the two scientists that were just recognized today, their work really helped give our understanding of how mRNA interacts with our immune system.

So that groundwork is now being applied to future studies on how can we use this work to maybe harness the power of our immune system to battle cancer.

Or how can we use this work to study the development of other types of vaccines for other diseases. So, that's where this science is taking us in

the future. And it will be interesting to see what future mRNA vaccines might look like, Richard.

QUEST: I'm grateful. Thank you. The CEO of Axel Springer, the giant German media company says he's ready to embrace artificial intelligence. And

that's no small deal when you think that Axel Springer owns brands like Bild, Politico, Insider and others. Mathias Dopfner told me he sees A.I. as

a friend to media. One that will clear the way for better journalism. Just one thing we discussed when we sat down, we were in the C suite in the sky.


MATHIAS DOPFNER, CHIEF EXECUTIVE OFFICER, AXEL SPRINGER: There was a constant belief that we have to digitize the company we started very early,

more than two decades ago, it was clear when I saw the first website that that is going to open a new chapter. And the second belief was that we have

to internationalize the company. And here, the United States were for me the biggest and most attractive media market in the world. And when we had

an opportunity to buy Business Insider, we did it.

QUEST: And then from that came others.

DOPFNER: Morning Brew and then Politico.

QUEST: Right.

DOPFNER: And it's only a beginning.

QUEST: But when you buy those sorts of assets, Politico is very well known. But at the same time, it's a lot of money for a digital asset.

DOPFNER: We focus very much on the intellectual charisma of the content. That's why journalists are for us the most important people in the company.

If we have the right team, if we believe in that capacity, then we make such a move. And whenever we underestimate that role, then we make

mistakes. So, it is really very, very easy in the end. You have to focus on the best possible content.

And another aspect, if everybody is polarizing in the media industry and journalists are taking sides, one in the camp of this party, the other in

the camp of another party, then perhaps for the very few who think that you should be unpredictable, you should be unbiased may have an opportunity. I

cannot imagine that in the long run. People just want to amplify their own prejudice.

QUEST: Let's talk Germany first, if you will. The traditional products, which you want to move completely digital, get rid of the paper.

DOPFNER: I suggested that when I became editor-in-chief in 1998 to transform the paper into 100 percent digital paper, the board almost fired

me. When I became CEO. I said that's my second chance. Let's do it. It was in the early 2000s. And now the company is 95 percent digital business.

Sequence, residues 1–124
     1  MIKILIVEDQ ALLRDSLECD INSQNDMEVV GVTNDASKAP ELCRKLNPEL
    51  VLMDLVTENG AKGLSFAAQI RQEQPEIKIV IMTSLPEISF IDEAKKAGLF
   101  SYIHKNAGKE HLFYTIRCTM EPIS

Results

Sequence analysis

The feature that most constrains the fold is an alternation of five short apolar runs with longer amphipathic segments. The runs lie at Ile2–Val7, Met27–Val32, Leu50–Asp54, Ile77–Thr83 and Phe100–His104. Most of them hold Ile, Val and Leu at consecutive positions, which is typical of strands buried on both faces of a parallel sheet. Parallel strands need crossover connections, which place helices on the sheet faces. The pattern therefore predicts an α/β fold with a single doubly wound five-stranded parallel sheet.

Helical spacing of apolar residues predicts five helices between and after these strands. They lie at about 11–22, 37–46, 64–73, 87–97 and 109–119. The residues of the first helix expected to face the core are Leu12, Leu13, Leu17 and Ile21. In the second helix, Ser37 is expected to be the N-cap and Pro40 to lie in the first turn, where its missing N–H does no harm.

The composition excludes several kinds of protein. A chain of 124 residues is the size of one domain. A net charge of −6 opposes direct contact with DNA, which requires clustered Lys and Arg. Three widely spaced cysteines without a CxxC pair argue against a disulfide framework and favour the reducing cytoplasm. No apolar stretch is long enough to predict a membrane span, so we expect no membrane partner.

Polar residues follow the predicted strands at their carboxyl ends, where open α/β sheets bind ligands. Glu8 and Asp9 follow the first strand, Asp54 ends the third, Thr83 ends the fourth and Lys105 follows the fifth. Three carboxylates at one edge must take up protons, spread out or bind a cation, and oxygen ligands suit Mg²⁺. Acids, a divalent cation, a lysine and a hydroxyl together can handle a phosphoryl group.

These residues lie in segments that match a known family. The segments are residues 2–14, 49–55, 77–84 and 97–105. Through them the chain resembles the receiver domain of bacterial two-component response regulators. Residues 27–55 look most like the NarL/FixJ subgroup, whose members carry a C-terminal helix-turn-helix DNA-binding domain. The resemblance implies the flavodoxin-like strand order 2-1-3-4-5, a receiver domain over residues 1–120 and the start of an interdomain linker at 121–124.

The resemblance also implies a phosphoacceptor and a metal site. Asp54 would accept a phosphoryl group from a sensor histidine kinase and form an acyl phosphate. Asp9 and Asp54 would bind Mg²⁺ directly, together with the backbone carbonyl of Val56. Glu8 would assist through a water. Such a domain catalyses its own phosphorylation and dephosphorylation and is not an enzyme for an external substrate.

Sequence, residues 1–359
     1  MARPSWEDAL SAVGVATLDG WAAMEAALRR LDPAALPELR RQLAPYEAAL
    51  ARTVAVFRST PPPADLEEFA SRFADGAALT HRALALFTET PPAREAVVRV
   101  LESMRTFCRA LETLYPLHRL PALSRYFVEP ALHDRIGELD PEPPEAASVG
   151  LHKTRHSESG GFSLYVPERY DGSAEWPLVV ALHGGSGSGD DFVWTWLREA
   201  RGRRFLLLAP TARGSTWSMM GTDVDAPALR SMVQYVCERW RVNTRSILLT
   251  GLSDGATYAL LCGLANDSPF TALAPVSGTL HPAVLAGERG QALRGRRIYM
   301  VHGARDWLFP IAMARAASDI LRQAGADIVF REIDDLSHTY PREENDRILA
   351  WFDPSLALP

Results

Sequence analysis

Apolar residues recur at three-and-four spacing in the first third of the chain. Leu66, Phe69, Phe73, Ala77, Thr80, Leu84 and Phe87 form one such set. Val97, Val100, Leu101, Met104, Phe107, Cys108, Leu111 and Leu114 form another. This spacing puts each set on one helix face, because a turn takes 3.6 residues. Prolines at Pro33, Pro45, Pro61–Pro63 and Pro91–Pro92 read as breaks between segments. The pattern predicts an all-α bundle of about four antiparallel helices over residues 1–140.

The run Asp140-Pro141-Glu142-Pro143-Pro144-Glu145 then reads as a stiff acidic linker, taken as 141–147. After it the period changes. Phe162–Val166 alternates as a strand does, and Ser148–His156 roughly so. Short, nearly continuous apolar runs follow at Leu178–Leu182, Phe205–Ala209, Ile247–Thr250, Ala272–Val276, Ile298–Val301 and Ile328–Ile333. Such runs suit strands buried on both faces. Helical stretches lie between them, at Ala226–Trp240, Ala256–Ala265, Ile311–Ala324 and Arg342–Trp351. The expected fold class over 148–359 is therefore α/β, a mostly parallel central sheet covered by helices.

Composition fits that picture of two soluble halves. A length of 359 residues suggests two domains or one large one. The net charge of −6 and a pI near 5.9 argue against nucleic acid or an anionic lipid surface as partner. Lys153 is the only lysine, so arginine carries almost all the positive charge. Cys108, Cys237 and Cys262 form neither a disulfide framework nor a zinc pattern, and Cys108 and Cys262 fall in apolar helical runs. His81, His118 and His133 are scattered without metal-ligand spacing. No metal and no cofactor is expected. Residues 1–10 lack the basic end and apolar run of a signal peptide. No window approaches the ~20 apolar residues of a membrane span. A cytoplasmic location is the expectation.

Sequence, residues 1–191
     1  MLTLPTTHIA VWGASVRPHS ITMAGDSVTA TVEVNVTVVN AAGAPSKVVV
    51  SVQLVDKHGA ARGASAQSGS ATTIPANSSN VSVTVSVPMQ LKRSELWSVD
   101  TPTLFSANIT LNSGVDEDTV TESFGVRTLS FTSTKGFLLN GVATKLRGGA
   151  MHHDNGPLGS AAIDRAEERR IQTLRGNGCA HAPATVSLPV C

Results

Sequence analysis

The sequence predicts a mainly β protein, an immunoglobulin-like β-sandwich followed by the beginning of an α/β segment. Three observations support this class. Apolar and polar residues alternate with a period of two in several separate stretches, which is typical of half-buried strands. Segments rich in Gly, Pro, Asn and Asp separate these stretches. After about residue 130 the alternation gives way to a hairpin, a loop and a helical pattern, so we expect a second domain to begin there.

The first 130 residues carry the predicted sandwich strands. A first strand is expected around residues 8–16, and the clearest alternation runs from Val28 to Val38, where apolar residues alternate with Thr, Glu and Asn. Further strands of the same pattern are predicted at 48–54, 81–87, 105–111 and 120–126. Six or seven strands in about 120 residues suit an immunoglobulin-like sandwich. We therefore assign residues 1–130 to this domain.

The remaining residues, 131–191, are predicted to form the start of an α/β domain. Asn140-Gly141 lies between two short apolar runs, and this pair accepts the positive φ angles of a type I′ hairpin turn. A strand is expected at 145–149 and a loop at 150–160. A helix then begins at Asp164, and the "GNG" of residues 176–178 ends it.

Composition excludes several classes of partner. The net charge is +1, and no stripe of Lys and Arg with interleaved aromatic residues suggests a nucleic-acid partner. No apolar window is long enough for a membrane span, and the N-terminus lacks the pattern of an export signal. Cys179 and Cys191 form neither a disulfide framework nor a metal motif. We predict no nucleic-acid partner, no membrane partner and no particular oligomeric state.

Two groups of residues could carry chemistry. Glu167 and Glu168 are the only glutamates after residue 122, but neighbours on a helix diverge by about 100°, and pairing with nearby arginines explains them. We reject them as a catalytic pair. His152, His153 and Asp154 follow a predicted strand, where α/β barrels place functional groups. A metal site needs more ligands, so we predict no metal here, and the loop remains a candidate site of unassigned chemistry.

QUEST: Do you miss the print? Come on. Those of us of a certain age.


DOPFNER: Well, I'm not saying it in order to pretend to be young, but I honestly don't miss it too much.

QUEST: Really?

DOPFNER: No. I mean, the mobile phone has changed my life. I've only one device. I've only a mobile phone. I have no laptop, I have no computer.

I've written all my articles, all my speeches, my books, all with my mobile phone over the last years. So that has simplified my life so much. Why

would I miss paper? No, I think it is about the -- it's about the content, not about the medium.

QUEST: So what do you going to do to grow the German side which is extremely mature? It's mature, you've, you've got readers who love you and

hate you.

DOPFNER: Let's take the opportunities for a company like Axel Springer in the context of artificial intelligence. We have already five projects where

we take advantage of the possibilities of large language models. I don't see it as a structural enemy of journalism. I see it as a potential friend.

Why? Because we can come up with new products that we could have never afforded before.

And we can basically delegate the boring stuff of our business translation, technical production, fact checking to certain degree aggregation of

information that is out there anyway. We can delegate that to bots to artificial intelligence and focus at the same time of the very essence of

our business. And that is the news to find out something that was not supposed to be found out.

And to focus on investigative reporting to go out and watch and describe reality. That is so much more interesting for good journalist.

QUEST: Provided you've got the necessary safeguards in place against disinformation, your fire.

DOPFNER: Yes. Absolutely.

QUEST: I worry that companies will do the first bit and skimp on the second bid.

DOPFNER: That's a fair point. Some companies may do, we don't. If you just use A.I. in order to save costs you make a big mistake.